Alcohol is one of those pleasures in life which if used sensibly can remain pleasurable as well as being part of a healthy lifestyle.
Simply put, it means not drinking alcohol to excess
Excessive alcohol use means the liver becomes overloaded and cannot deal with the amount of alcohol in the bloodstream quickly enough to stop it affecting the rest of the body.
Alcohol can make us feel happy, light-headed and talkative, but at the same time it is also damaging our bodies, particularly the liver.
There is no completely safe lower limit when it comes to alcohol. Drinking any alcohol will always carry some risk to health.
However, if we drink sensibly, the risks to health are very low and there could even be some benefits like a reduction in the chances of developing heart disease.
How much is too much?
Men should not drink more than four (4) units a day and women should drink no more than three (3).
However this should not be every day! We should ensure we have at least two alcohol free days every week to allow our bodies to recover.
What is the importance of alcohol-free days?
Alcohol causes damage to our liver. The liver is a fantastic, as well as essential, organ and when healthy, normally repairs any short-term damage quickly.
By drinking every day our liver does not get a chance to repair itself properly and so keep itself and you healthy.
Therefore, we should ensure we have at least two days without alcohol every week. Also if we do drink over the sensible limit on any occasion, we should try and avoid alcohol for at least two days or 48 hours afterward.
Over time, if we continue to drink alcohol at risky levels, the damage caused becomes constant, increases, then builds up and can eventually result in liver disease or liver cancer.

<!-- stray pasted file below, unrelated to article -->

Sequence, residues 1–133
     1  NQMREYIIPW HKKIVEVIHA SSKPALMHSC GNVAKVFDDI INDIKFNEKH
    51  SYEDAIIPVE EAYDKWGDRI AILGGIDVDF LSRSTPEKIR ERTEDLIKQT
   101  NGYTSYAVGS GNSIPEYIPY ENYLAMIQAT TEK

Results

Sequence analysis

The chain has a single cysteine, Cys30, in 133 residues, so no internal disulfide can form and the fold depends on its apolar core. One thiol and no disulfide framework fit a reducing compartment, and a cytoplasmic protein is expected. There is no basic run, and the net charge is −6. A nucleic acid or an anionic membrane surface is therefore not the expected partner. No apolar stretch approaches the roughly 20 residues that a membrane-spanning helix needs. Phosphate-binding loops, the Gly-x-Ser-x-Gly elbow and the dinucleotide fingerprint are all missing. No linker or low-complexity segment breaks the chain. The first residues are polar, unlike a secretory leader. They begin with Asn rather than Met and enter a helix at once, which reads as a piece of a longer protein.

What is a unit?
An unit is equal to 10ml in volume or 8 grams in weight of pure alcohol called ethanol. This amount is decided by the way our bodies deal with alcohol.
On average, healthy adult bodies can break down 10ml of alcohol in one hour. This means if you drink 10ml of alcohol, or one unit, then an hour, i.e. 60 minutes, later there will be no alcohol left in your bloodstream.
Find out more about units here What about binge drinking?
Binge drinking means different things to different people so what does binge drinking mean to you?
For most of us it creates an image of serious drunkenness, fighting, aggression, throwing up and generally behaving badly in public.
This is the image of binge drinkers portrayed in the media and a lot of us conclude "that is definitely not me."
However binge drinking is classed as drinking double the sensible limits in any one sitting.
This means if a man drinks eight units or more or a woman drinks six units or more then it is actually classified as binge drinking.
A unit is equal to a single 25ml whisky, a half pint of lager, or 3 units is a 250ml glass of wine.
Always remember that regular drinking at binge levels will ultimately damage your health and well-being.
Regular binge drinking is when we drink at the same binge level every week. Therefore a young man who drinks five pints of normal strength lager every Friday night, even if he never drank any other night, would be classed as a binge drinker.
What about Pregnancy?
During pregnancy it is recommended that women should not drink any alcohol. Any alcohol the woman uses will travel directly to the placenta and then to the unborn baby. this can ultimately put the development of the unborn baby at risk.
If you are trying to have a baby then it is also recommended that you do not drink.
Alcohol not only hinders your chances of conceiving but if you continue to drink you may not know you are pregnant right away which again affects the development of the pregnancy.
This advice also applies to men as risky or hazardous alcohol use, especially regular bingeing, can result in a low sperm count and even temporary impotence.